There are 3 main shape options you need to be aware of when buying a snowboard.
The differences revolve around where the bindings are placed on the board (if they’re “set back” or not) and differences width of the nose and tail.
Before we go any further, it’s important to understand what is meant by ‘set back’. If a board is set back the binding holes are closer to the tail of the board. The distance they are set back is usually 13mm (0.5 inches) though it can be 25 mm (1 inch) on some powder boards. If a board is not set back, it means the distance from the nose of the board to the front binding holes is the exact same as from the tail to the rear binding holes.
As you may have noticed from the other articles on this site, there are many aspects to choosing a snowboard. The shape is among the most important because it changes how the board rides.
Below is a chart showing the options:
|Set Back||Not Set Back|
|Directional Shape||Directional / Tapered Directional|
|Twin Shape||Directional Twin||True twin|
Directional boards are set back and have a wider nose than tail. The difference may be hard to see with the naked eye, but in the world of snowboards, millimeters matter. Having a wider nose makes the board easy to turn. Directional boards are always all-mountain boards. They can be used in the park, but a park specialist would never ride one.
If most of your snowboarding is all-mountain based, you don’t spend a lot of time in the park, and are looking for a board that is easy to turn, directional is a great choice.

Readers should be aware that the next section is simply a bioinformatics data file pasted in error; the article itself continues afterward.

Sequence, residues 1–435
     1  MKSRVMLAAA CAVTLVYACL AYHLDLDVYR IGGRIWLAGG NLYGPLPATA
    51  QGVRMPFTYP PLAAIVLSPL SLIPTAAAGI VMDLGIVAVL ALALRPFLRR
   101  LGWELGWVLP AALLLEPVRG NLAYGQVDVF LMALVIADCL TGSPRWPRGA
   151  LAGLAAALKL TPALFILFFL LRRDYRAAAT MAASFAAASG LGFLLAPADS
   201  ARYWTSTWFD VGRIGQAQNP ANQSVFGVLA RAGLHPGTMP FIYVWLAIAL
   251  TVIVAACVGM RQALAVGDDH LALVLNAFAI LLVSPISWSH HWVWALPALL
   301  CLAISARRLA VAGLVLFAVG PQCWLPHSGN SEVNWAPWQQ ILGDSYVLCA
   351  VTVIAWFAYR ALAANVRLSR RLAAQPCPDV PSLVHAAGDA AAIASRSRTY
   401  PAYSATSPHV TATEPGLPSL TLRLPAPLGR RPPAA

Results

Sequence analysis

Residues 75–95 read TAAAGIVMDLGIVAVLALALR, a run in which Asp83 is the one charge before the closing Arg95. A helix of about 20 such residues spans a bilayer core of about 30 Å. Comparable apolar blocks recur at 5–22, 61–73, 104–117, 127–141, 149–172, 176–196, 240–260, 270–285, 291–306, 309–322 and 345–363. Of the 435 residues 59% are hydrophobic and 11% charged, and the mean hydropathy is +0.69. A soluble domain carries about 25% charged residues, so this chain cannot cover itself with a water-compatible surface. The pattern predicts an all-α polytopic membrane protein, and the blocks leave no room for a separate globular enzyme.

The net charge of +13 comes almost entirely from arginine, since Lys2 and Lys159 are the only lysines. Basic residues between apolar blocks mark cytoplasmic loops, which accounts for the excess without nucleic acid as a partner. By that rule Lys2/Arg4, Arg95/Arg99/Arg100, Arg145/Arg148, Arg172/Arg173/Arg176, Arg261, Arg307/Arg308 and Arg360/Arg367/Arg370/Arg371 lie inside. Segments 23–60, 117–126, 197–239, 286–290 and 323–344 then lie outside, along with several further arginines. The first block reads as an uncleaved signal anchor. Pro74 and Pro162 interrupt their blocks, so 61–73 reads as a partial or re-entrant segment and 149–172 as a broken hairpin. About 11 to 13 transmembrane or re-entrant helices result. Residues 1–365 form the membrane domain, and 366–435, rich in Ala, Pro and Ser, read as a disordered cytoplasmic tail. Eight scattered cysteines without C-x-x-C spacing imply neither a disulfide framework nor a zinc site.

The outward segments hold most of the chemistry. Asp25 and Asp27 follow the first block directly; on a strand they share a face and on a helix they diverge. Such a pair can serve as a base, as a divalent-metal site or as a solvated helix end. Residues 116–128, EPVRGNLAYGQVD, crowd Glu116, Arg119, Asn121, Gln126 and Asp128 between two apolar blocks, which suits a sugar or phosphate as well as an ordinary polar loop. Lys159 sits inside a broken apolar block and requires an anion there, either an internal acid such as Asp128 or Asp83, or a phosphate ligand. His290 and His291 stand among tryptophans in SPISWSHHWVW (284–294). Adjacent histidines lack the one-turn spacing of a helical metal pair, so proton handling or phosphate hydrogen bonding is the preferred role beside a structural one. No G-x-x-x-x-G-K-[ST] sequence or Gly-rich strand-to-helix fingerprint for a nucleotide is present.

Tapered Directional boards are similar to directional boards in that they are set back and have a wider nose than tail. The difference is that with the tapered boards the tails are MUCH thinner than the noses. The reason for this is that a thin tail is easier to sink into the powder, so it requires less muscle to get the same performance. By the same token, the wider nose catches more powder underneath it and therefore floats more easily.
If you consistently spend your snowboard days searching for powder, tapered directional boards are a great choice for you.
The diagram shown below is intentionally not drawn to scale to make the differences obvious.
True twin or ‘twin’ boards are totally symmetrical. If you cut one in half, you’d get two identical pieces. They have the same flex at the nose and tail. They are a little more difficult to ride in the powder because your weight is further forward, but it is possible to do so. They tend to be used for freestyle riding so if you enjoy spending your days in the snowboard park a twin is the way to go.
Traditionally advanced riders who focus on all-mountain riding would use directional twins (see definition below) and park riders would use true twins, but the current trend in snowboarding is a move towards true twins for both. They are considered more fun, though you need strong leg muscles if you’re going to be riding a twin in the powder.
Directional twin is the style that most intermediate to advanced all-mountain boards are. They are great all around boards. The bindings are slightly set back which makes them easier to turn than a true twin. They are also easier in powder because your weight is further back on the board making it easier to lift the nose and sink the tail. At the same time, they have a twin shape which makes them good for jumping and spinning. Finally, the tail is stiffer than the nose which gives them more pop for jumps while the softer nose helps it float more easily in the powder.
If you’re an upper intermediate to advanced rider who spends most of your time riding the mountain rather than the park but want something that can jump when asked, these are the boards for you.
How can I tell which is which when buying online?
Snowboard shape is important enough that online retailers will always list it. Just find a board you like the look of, then search for the word’s ‘directional’ or ‘twin’ and it will be listed.